How a verse in Jeremiah opened a fruitful conversation about justice with my kids.
As the war has raged on in Ukraine my husband and I have seen an opportunity to teach our kids to pray in different ways- ways that challenge them to think beyond themselves and to even engage with the pain of the world.
Recently I took it a step further and preceded our prayer time with reading Jeremiah 22:3. Actually, my seven-year-old read it for us:
“The Lord proclaims: Do what is just and right; rescue the oppressed from the power of the oppressor. Don’t exploit or mistreat the refugee, the orphan, and the widow. Don’t spill the blood of the innocent in this place.” (Common English Bible)
“What do you guys think ‘oppressed’ means?” I asked.
“Well, probably like your pressing down on something” my daughter responded.
“Totally.” I grabbed a little piece of popcorn off the floor and set it down in front of me. “Oppression means someone who is strong is using their power to hurt and crush someone else.” I picked up my foot and stomped on the popcorn. “Right now, my foot is the oppressor and the popcorn is the oppressed.”
“Oh! Like when Aden’s brother hits my head at school!” my son chimed in.
“Yes, that is something that hurts. But usually we use ‘oppress’ to talk about big hurts. Right now, Russia is an oppressor. And Ukraine is the oppressed. Russia is using their power to hurt Ukraine, and its wrong. It’s something that humans have been doing for thousands of years and something that God makes clear he hates. He wants us to stand up for the oppressed.”
My son jumped up suddenly and ran to his desk. “I’m getting a highlighter!” he shouted. “I need to highlight oppressed, it’s a very important word!”
It’s a very important word.
He got totally got it! He not only understood the definition of the word, but also grasped that it carried weight. He knew he wanted to remember it. Seeing him internalize and respond in that way was achingly beautiful- one of the rawest moments of pride I’ve had as a parent.
My daughter turned to me and said, “I just wish the war wasn’t happening, it’s freaking me out.” Which is her way of saying she wants it to stop- or that she just wanted to stop talking about it. I tried to help her name that emotion and be ok with the discomfort of grief. “It’s not happy to think about the war, but God likes it when we are sad for other people and want to help them. It shows that we are becoming more like him.”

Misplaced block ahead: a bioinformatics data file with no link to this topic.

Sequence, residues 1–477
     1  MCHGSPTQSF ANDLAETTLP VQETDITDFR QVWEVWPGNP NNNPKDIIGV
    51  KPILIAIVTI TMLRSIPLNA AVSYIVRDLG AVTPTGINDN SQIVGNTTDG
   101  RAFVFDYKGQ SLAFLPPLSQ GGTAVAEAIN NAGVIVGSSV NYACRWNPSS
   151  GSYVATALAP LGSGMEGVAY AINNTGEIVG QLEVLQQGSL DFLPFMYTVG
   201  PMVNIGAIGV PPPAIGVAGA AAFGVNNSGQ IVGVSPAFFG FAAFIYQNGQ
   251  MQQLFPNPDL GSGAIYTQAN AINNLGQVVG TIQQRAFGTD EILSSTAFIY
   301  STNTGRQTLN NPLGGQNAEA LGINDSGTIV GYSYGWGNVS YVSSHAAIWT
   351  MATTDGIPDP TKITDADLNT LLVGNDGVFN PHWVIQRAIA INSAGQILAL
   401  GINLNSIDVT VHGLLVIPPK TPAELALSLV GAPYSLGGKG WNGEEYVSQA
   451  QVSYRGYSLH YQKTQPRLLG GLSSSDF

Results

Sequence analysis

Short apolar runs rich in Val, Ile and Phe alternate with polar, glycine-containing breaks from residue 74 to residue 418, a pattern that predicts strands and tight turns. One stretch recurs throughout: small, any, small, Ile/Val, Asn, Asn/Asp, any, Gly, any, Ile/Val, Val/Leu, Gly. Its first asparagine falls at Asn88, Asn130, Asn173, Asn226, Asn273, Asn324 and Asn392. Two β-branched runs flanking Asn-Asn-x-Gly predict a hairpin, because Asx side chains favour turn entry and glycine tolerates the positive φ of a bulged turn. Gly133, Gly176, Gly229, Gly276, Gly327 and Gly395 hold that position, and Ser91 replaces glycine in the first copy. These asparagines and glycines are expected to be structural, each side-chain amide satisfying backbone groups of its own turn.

But, sitting with them in their room, I saw how effortlessly soft my kids’ hearts were towards justice and suffering. They weren’t burdened by negative labels like “social gospel” or “liberal agenda,” they could see from the Bible how important it was to God. And they took that importance to heart.
Our response that night was to pray using the language of “oppressed/oppressor” as well as “widows, orphans, innocent, etc.” Earlier in the month we responded by using our fast-food budget to send books to Ukrainian orphans in Poland. As the war and its devastation continues, we will continue to help the kids build their understanding of and compassion for what is happening.
Kids’ hearts are soft towards so many things. Calling them early on to recognize the pain and suffering of the world and how God would have them respond is not a vain effort. I can see it bearing fruit in my family’s life and I rejoice in that. It convicts and compels my own heart as well. Keep learning, keep submitting to humbling experiences, keep engaging.